In Section 230 of the Communications Decency Act, lawmakers thought they were devising a safe harbor for online providers engaged in self-regulation. The goal was to encourage platforms to “clean up” offensive material online. Yet Section 230’s immunity has been stretched far beyond that purpose to immunize platforms that solicit or deliberately host illegality. As Olivier Sylvain’s thoughtful essay shows, it has been invoked to shield from liability platforms whose architectural choices lead ineluctably to illegal discrimination.

Section 230’s immunity provision has secured important breathing space for innovative new ways to work, speak, and engage with the world. But the law’s overbroad interpretation has been costly to expression and equality, especially for members of traditionally subordinated groups.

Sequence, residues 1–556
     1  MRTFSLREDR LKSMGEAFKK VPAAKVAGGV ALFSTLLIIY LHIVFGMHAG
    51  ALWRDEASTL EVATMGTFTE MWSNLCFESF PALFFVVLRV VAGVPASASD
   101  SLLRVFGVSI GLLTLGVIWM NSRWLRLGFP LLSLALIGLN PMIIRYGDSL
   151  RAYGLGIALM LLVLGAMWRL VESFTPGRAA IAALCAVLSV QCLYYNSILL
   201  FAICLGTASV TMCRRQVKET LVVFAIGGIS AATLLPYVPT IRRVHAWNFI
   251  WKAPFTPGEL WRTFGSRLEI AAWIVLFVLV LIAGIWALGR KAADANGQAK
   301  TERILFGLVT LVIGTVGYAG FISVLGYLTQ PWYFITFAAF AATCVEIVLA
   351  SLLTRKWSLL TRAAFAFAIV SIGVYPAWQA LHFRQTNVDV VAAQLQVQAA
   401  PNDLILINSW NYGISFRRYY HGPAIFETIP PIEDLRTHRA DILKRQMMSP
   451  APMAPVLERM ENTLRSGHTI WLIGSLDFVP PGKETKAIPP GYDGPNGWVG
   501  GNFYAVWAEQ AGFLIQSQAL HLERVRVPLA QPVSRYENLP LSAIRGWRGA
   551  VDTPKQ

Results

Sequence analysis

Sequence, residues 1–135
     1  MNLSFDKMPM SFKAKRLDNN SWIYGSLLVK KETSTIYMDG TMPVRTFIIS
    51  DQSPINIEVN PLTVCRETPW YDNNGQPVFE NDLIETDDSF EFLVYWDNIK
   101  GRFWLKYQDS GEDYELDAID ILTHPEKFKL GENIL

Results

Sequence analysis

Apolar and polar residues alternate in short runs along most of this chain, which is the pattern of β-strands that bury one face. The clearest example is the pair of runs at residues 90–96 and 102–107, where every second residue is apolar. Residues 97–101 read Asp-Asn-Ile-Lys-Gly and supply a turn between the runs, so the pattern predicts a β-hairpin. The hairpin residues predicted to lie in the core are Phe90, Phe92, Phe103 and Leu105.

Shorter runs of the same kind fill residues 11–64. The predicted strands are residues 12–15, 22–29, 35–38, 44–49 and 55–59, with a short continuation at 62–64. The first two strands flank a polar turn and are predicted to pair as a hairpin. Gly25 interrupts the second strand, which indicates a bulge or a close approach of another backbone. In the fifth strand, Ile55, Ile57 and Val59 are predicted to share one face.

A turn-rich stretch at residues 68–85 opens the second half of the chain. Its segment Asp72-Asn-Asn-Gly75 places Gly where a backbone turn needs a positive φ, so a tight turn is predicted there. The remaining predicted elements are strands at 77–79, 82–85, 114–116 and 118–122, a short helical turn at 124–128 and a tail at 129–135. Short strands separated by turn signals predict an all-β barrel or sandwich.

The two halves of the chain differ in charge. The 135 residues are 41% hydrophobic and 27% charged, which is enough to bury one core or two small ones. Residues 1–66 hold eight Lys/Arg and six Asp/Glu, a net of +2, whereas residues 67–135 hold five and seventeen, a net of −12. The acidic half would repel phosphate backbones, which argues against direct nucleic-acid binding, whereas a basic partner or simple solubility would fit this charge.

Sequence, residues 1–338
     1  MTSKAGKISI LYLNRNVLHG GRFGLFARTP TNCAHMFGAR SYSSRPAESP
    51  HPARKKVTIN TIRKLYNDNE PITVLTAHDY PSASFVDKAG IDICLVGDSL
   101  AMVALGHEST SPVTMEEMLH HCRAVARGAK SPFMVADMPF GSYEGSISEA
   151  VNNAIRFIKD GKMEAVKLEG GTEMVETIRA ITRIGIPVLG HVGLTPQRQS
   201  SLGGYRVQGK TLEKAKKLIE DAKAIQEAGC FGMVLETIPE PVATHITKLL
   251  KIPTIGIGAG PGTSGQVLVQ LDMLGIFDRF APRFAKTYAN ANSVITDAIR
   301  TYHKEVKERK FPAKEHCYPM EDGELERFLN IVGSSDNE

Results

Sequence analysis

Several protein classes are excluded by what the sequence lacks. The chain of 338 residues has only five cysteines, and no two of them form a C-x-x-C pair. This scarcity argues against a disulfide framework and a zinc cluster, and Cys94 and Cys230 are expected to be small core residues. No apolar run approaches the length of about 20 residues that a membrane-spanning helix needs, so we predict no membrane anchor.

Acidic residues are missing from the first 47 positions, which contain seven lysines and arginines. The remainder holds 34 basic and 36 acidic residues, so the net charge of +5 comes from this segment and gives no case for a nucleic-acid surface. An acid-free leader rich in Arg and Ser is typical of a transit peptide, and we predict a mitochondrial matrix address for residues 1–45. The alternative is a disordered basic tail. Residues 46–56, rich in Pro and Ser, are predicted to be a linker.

This response piece highlights Sylvain’s important normative contributions to the debate over Section 230. It provides some practical reinforcements for his reading of Section 230. Our central disagreement centers on the way forward. Congress should revise Section 230’s safe harbor to apply only to platforms that take reasonable steps to address unlawful activity. I end with thoughts about why it is time for platforms to pair their power with responsibility.

The “Decency” Act and Its Costs to Free Speech and Equality

In the technology world, Section 230 of the Communications Decency Act (CDA) is a kind of sacred cow—an untouchable protection of near-constitutional status. It is, in some circles anyway, credited with enabling the development of the modern internet. As Emma Llansó recently put it, “Section 230 is as important as the First Amendment to protecting free speech online.”